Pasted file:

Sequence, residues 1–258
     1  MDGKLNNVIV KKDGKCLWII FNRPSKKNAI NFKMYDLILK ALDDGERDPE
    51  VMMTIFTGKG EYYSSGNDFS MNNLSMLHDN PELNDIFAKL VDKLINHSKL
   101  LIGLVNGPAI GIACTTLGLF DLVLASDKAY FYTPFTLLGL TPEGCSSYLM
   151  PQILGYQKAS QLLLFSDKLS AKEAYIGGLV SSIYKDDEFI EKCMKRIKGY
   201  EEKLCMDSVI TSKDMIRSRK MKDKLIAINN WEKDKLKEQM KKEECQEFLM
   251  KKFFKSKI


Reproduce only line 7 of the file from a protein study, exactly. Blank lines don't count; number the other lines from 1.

   251  KKFFKSKI